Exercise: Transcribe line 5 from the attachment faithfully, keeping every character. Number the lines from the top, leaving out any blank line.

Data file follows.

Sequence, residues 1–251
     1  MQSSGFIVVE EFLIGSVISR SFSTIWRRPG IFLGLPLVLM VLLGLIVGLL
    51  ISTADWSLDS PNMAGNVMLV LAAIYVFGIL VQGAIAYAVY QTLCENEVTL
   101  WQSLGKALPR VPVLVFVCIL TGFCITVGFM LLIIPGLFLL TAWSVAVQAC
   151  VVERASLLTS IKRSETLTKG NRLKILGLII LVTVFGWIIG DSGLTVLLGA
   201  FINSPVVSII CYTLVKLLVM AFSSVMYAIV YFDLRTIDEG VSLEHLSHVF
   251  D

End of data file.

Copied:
   151  VVERASLLTS IKRSETLTKG NRLKILGLII LVTVFGWIIG DSGLTVLLGA